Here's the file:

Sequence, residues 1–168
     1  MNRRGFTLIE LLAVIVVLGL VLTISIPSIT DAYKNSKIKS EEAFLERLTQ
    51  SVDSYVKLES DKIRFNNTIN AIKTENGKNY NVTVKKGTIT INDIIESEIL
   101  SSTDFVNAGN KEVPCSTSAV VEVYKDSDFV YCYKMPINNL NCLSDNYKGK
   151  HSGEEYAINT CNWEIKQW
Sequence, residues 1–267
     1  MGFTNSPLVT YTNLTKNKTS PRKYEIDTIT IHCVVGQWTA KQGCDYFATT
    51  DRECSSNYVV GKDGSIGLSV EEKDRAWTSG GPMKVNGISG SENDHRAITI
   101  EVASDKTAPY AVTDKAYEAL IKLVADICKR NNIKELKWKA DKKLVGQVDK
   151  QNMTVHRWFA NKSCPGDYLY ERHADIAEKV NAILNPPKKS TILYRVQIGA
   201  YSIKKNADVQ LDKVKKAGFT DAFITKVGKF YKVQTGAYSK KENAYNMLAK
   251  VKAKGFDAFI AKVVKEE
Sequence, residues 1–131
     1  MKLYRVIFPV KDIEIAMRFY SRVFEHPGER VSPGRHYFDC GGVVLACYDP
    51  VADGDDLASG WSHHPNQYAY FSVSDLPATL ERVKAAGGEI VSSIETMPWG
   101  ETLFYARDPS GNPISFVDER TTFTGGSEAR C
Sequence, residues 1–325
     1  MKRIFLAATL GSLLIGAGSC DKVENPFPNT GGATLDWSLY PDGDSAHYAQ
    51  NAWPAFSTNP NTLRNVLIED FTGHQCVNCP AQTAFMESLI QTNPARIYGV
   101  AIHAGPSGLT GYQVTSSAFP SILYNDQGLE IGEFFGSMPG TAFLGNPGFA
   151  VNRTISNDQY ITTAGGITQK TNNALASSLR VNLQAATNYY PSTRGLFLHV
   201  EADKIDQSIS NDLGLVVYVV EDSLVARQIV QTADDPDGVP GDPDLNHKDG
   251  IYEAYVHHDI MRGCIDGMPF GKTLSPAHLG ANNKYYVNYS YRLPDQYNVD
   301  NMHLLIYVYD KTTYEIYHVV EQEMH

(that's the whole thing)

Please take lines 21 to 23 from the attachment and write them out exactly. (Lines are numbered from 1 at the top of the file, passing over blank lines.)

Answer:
   151  VNRTISNDQY ITTAGGITQK TNNALASSLR VNLQAATNYY PSTRGLFLHV
   201  EADKIDQSIS NDLGLVVYVV EDSLVARQIV QTADDPDGVP GDPDLNHKDG
   251  IYEAYVHHDI MRGCIDGMPF GKTLSPAHLG ANNKYYVNYS YRLPDQYNVD